In late November, Joe Mercola posted an article discussing the addition of chloramine in drinking water and its potential effects. Chloramine is a compound sometimes added (going back as far as 1917) as a disinfectant in municipal water supplies during storage and transportation to people’s homes. While the EPA considers chloramine to be safe for this use, some people have reported skin irritation and rashes. As with many of his articles, Mercola’s tone and content convey significantly more danger than the actual evidence seems to call for. This article will discuss more details from sources he cites, clarify some points as well as present what seems to be the official stance of the EPA on chloramine.
Primary and Secondary Disinfection
Based on EPA regulations, municipal water supplies make use of two complementary phases of disinfection. The first phase is intended to quickly kill most bacteria, viruses, etc as soon as the water comes in from its source. This is usually done using chlorine, but some water systems actually use chloramine in this phase. When water is being stored and transported to people’s homes, “secondary” disinfection is required to keep the water clean. This is where chloramine comes in because of its ability to reside longer in the water and so make it all the way to the system end points. Chloramine’s ability to form a residual disinfectant in the water is not an undesirable side effect but the reason for it being used in the first place. As the EPA puts it (see Q3 in the “Questions and Answers” document in the references):
Secondary disinfection provides longer-lasting water treatment as the water moves through pipes to consumers.
• Secondary disinfection maintains water quality by killing potentially harmful organisms that may get in water as it moves through pipes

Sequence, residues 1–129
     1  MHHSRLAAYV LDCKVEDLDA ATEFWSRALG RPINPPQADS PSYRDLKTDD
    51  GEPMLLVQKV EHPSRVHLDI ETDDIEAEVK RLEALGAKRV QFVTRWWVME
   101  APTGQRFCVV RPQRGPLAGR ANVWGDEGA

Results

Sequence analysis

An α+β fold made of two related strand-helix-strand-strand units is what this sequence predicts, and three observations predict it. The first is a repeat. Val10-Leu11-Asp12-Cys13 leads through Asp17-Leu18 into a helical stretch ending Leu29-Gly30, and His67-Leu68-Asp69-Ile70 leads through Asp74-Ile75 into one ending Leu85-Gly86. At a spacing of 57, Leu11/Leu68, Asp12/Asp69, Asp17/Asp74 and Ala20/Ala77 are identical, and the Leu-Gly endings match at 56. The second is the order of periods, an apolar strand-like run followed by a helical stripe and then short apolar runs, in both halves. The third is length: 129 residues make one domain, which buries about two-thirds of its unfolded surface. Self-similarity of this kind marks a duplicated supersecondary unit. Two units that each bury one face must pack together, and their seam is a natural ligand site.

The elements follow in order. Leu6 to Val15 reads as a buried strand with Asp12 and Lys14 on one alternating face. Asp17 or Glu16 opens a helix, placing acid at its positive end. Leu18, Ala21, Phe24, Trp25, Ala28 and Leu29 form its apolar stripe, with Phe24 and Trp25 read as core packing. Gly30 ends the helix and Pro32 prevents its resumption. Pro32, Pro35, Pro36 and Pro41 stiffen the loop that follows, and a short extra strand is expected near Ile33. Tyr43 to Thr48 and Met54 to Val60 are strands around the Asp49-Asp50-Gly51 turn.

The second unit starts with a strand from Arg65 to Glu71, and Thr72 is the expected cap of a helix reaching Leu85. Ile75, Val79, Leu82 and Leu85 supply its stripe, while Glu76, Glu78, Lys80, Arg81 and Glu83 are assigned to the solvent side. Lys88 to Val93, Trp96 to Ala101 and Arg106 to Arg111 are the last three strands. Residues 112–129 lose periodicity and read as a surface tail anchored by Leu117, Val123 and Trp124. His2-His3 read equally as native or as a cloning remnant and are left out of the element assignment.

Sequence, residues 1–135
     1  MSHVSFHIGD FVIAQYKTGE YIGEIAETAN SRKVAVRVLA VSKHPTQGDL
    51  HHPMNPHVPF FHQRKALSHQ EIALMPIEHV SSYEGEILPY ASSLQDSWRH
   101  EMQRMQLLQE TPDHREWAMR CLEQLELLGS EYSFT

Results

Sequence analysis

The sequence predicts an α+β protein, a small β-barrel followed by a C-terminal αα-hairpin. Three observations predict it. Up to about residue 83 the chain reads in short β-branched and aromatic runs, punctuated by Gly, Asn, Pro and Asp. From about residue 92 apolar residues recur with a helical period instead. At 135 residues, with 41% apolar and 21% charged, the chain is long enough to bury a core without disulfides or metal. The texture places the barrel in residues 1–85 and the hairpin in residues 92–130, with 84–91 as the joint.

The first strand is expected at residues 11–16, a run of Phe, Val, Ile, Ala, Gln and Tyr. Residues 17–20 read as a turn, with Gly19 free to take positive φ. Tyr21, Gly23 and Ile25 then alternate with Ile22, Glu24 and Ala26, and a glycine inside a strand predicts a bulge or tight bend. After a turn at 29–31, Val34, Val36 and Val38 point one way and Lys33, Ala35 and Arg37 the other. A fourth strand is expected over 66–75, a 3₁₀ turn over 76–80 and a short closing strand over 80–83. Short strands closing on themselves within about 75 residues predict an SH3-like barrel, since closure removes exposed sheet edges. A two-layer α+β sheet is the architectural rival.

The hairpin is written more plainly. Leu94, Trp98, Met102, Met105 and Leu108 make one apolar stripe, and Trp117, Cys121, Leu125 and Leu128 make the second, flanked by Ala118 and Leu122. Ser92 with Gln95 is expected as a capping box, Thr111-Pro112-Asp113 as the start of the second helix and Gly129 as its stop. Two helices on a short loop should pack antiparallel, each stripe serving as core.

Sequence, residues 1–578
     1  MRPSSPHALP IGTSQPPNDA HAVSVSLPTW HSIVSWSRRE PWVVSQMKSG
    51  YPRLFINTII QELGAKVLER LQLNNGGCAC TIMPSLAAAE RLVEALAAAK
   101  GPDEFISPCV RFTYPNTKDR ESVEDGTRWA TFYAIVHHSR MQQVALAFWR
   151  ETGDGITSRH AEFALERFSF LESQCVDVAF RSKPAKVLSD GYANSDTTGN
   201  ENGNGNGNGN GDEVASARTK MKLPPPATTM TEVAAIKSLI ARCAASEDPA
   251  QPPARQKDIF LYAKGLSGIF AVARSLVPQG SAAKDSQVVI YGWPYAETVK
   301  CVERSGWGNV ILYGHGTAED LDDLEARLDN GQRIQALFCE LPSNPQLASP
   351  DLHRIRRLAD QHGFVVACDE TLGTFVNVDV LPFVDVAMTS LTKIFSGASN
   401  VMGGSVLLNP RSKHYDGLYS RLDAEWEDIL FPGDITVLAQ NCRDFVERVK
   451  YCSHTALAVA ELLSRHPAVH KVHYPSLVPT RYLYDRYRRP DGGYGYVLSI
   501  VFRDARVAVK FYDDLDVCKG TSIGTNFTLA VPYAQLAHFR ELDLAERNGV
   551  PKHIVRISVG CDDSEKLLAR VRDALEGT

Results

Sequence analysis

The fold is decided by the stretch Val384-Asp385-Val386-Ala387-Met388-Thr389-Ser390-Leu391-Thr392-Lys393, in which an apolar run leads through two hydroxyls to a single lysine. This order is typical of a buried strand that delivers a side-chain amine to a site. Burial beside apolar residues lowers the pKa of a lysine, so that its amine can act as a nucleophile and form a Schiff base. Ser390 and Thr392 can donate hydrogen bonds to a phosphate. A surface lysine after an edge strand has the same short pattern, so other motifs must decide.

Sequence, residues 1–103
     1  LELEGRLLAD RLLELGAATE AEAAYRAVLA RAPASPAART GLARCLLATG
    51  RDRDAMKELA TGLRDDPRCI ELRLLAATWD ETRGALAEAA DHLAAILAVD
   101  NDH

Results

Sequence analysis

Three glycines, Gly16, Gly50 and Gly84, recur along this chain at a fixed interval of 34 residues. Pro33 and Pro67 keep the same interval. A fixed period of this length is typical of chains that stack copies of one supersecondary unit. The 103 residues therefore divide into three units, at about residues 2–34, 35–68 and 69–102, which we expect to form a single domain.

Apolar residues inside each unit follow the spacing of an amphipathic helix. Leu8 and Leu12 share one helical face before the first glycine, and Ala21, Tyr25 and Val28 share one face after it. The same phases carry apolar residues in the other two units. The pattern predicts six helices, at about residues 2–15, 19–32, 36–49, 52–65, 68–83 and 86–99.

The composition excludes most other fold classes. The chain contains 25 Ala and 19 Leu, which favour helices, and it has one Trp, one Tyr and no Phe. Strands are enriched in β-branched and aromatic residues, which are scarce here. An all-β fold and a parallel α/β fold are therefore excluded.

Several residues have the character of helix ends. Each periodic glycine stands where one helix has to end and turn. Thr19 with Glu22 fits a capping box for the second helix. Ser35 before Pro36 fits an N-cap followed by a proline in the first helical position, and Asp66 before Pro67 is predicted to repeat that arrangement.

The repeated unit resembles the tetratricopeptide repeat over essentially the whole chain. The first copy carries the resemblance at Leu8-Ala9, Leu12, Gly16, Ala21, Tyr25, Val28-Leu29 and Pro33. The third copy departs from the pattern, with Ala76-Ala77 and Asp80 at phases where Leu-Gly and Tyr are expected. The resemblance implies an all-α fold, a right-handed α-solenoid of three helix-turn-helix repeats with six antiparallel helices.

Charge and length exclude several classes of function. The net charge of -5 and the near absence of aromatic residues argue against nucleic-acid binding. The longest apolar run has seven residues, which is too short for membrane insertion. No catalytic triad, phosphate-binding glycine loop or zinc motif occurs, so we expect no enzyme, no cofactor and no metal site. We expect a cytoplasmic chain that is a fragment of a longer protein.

• Monochloramine may be more useful than chlorine in killing certain potentially harmful organisms in pipes such as those that cause Legionnaire’s disease.
The usage of chloramine as a disinfectant (primary or secondary) in municipal water supplies is not a new idea that is sneakily being foisted on an unsuspecting public. It has been in long use in America. According to the American Water Works Association, Denver has used chloramine since 1917, Portland 1924, Boston area 1932, etc. While this does not prove that chloramine is safe, it does demonstrate its long use and it stands to reason that it would have become clear if those cities had higher-than-normal cancer and other health effects compared to cities not using chloramine in any capacity. In fact, as Joe Mercola points out, 20% of Americans already have chloraminated tap water. The article implies this is a bad thing, but I would again say that this just means that it has been a part of our water supply for quite a while with no apparent ill effects.
Chloramines May Raise Your Water’s Level of Toxic Unregulated Disinfection Byproducts?
If you receive municipal water that is treated with chlorine or chloramines, toxic disinfection byproducts (DBPs) form when these disinfectants react with natural organic matter … Already, it’s known that trihalomethanes (THMs), one of the most common DBPs, are Cancer Group B carcinogens, meaning they’ve been shown to cause cancer in laboratory animals. They’ve also been linked to reproductive problems in both animals and humans, such as spontaneous abortion, stillbirths, and congenital malformations, even at lower levels.
In 1998, the U.S. Environmental Protection Agency (EPA) published its Stage 1 Disinfection Byproducts Rule, which required water treatment systems to reduce the formation of DBPs…but what is less publicized is that compared to chlorine, water treated with monochloramine … may contain higher concentrations of unregulated disinfection byproducts – the risks of which are unknown
I’m not sure it’s clear from the quote, but the reason for switching to chloramine from chlorine is to lower the incidence of regulated DBPs in the water.
As far as I can tell, there is no such thing as “Cancer Group B” carcinogens. The closest thing that exists is International Agency for Research on Cancer (IARC) Group 2B, which is for chemicals that are “possibly carcinogenic” to humans (2A is for “probably” and 1 is for “definitely”). The only THM listed in the classification for 2B is Bromodichloromethane (which EPA sets limits for), two of the others are in Group 3 (the same group with caffeine), which means they are “unclassified”. To say that THMs as a whole are “Group B” carcinogens seems inaccurate unless there is some other source of “Group B” carcinogens other than the IARC.